Again in the Kerala Education Bill case : 1SCR995 it has been held that Article 30(1) gives two rights to the minorities (1) to establish and (2) to administer educational institutions of their choice. The right to administer cannot obviously include the right to mal-administer, The minority cannot surely ask for aid or recognition for an educational institution run by them to unhealthy surroundings, without any competent teachers, possessing any semblance of qualification, and which does not maintain even a fair standard of teaching or which teaches matters subversive to the welfare of the scholars. It stands to reason, then, that the Constitutional right to administer an educational institution of their choice does not necessarily militate against the claim of the State to insist that in order to grant aid, the State may prescribe reasonable regulations to ensure the excellence of the institutions to be aided.'
12. Director of School, Education v. Rev. Brother G. Arogiasamy, : AIR1971Mad440 , related to the admission of students according to their choice. A Division Bench of this Court in dealing with the same held, (At p. 442 of AIR),
'In our opinion, it places serious restriction on the freedom of the minority institutions to make admissions of students accord-ing to their choice. It throws the students of the minority community into a competition with the generality of students belonging to that and all other communities. The applications for admission to any institution cannot be restricted to a particular community because of Articles 15(1) and 29(2). The result is the students of the Roman Catholic community, which is said to represent less than 10 per cent of the total population when in competition with students of the other communities who have all applied for admission, obviously will have but slender chances of admission, contrary to the protection afforded by Article 30(1). It is true the impugned, order is conceived in public interest to ensure proper standards in the matter of admission to basic and non-basic training schools. That is good by itself. But when applied to a minority institution, its effect is not to its benefit from its own point of view. That is forbidden by Article 30(1).'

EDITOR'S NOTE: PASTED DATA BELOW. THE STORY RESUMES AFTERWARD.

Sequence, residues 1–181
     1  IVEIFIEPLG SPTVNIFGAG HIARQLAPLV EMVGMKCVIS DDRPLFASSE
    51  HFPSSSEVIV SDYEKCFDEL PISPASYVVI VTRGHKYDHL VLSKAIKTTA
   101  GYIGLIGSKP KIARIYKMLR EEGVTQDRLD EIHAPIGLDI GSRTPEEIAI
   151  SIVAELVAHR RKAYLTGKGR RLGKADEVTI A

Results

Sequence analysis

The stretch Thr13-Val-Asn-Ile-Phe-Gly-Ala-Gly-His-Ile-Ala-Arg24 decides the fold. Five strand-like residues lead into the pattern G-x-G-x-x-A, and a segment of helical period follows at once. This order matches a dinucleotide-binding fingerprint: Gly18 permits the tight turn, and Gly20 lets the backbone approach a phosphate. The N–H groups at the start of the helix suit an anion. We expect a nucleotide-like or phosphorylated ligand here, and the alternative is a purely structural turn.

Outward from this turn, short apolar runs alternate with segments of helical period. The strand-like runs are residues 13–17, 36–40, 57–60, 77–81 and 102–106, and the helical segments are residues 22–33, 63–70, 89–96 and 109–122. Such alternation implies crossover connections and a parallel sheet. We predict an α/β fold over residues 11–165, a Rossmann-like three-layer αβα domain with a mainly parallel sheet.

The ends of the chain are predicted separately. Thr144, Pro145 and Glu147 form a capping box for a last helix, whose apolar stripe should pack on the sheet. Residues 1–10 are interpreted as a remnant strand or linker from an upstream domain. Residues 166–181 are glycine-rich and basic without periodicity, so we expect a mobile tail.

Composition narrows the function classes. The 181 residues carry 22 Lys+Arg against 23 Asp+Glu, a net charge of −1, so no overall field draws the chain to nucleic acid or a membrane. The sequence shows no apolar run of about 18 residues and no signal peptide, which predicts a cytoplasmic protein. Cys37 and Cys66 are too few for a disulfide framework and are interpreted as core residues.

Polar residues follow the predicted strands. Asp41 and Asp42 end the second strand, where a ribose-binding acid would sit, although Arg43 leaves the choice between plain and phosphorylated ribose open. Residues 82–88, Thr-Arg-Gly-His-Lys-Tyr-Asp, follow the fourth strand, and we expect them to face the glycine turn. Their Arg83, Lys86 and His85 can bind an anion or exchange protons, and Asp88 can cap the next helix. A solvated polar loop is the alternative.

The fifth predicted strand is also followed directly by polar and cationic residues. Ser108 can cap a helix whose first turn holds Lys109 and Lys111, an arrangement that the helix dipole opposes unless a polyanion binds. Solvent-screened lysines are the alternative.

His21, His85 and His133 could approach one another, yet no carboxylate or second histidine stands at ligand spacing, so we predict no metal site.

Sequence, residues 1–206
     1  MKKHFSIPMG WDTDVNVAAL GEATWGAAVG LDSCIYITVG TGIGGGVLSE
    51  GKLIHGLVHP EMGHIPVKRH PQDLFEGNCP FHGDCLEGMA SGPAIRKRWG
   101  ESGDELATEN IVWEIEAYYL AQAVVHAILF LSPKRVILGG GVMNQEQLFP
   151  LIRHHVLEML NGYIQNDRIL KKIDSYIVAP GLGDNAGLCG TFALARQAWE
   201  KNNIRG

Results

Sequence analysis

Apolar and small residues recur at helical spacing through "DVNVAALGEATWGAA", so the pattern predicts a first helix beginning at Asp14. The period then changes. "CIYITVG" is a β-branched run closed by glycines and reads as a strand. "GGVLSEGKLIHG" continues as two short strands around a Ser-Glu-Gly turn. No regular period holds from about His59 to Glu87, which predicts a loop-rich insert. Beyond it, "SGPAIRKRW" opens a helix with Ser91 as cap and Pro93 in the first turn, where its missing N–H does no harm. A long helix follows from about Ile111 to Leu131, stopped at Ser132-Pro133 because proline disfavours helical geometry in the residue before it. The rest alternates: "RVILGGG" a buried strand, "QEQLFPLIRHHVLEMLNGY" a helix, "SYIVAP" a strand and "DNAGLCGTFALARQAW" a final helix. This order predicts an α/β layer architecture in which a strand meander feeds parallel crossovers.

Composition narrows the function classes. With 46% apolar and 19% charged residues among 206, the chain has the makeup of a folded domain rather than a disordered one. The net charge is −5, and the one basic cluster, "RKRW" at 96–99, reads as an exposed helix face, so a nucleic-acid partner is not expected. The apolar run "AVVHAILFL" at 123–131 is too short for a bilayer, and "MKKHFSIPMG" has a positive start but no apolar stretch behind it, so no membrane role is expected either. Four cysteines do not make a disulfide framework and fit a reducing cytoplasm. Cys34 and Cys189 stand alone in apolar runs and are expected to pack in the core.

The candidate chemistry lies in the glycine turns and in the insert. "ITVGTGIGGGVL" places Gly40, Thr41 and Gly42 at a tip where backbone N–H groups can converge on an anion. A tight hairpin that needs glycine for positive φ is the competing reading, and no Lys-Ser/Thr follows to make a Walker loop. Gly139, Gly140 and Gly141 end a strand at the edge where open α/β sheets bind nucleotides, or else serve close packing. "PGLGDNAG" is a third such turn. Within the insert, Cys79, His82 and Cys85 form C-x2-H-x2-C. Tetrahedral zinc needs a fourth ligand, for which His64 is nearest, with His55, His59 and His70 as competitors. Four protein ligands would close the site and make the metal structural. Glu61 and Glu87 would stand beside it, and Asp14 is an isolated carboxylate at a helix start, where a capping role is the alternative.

13. Again in Rev. Br. A. Thomas v. Dy. Inspector of Schools,(1) 1975 MLJ 553 : AIR 1976 Mad 214 while dealing with the right of a minority institution regarding the appointment of teachers it was held -- (At p. 215 of AIR).